The Upside of Lockdown

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  It is half-term – though admittedly, for many parents who have been home-schooling children for much of the past year, it probably doesn’t feel much different to any other week.   This time last year, I was following my normal holiday practice of inviting myself to stay with my parents while catching up on seeing as many friends as I could in a few days’ stay.   My appointments diary for 19 th February 2020 schedules a frantic whirl of activity: coffee with one friend in the morning, lunch and a sh ort walk with another friend, mah-jongg with family in the afternoon, and attending a student production of HMS Pinafore  on the university campus in the evening. My father, much as he enjoys Gilbert and Sullivan, decided to give HMS Pinafore a miss.   At the time, I assumed that this was just because he was feeling tired, or because theatre seats have insufficient legroom.   But perhaps he was also being cautious about the new virus which was spreading across the world.   After all,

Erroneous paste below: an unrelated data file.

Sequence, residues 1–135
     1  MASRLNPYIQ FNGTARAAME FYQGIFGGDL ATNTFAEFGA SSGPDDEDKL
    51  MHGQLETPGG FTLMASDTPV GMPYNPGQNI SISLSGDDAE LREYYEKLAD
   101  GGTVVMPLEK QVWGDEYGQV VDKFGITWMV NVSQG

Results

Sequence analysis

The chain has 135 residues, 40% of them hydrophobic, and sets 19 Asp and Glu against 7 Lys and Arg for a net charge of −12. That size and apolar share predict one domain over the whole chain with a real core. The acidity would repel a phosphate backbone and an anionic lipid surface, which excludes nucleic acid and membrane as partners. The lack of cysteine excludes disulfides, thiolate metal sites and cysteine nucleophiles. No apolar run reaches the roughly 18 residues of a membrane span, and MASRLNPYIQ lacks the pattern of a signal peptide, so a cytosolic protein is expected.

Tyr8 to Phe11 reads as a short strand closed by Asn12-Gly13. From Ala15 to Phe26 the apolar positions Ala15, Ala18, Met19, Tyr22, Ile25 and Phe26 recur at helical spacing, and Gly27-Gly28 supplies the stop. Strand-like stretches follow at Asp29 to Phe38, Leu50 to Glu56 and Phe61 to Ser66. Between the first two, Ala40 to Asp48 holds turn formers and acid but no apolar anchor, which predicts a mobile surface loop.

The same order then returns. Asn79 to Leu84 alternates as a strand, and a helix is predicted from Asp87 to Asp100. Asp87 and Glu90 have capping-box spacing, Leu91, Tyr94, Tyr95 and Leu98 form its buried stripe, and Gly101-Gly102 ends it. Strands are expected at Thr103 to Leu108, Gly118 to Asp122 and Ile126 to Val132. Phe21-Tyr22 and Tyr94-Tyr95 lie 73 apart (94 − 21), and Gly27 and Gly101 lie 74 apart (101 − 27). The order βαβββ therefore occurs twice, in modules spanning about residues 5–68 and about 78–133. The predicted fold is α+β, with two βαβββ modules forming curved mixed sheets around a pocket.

God of the Poor - or God of Everyone?

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  One pitfall of writing blog posts about anything going well in my life, any sign of progress, is that something then generally happens to remind me how often I fall short in this area, and then I feel like a hypocrite. But the real hypocrisy would be to show only the highlights and not write about my failures, so this Lent I will try to be honest. After I’d written the last two posts, about the joys of praying together during lockdown and singing hymns , my lovely partner PDB11 and I decided to have a prayer session, and finish with a hymn.   As I’d been choosing songs to play on my recorder, I thought it was PDB11’s turn to choose one to play on the piano.   As we’d been praying about persecution and poverty across the world, he chose Graham Kendrick’s ‘ Beauty for Brokenness ’ . The song made me feel uncomfortable, not because of Kendrick’s message of compassion (which is one we need to hear), but because of the way my mind looks for the most depressing interpretation possibl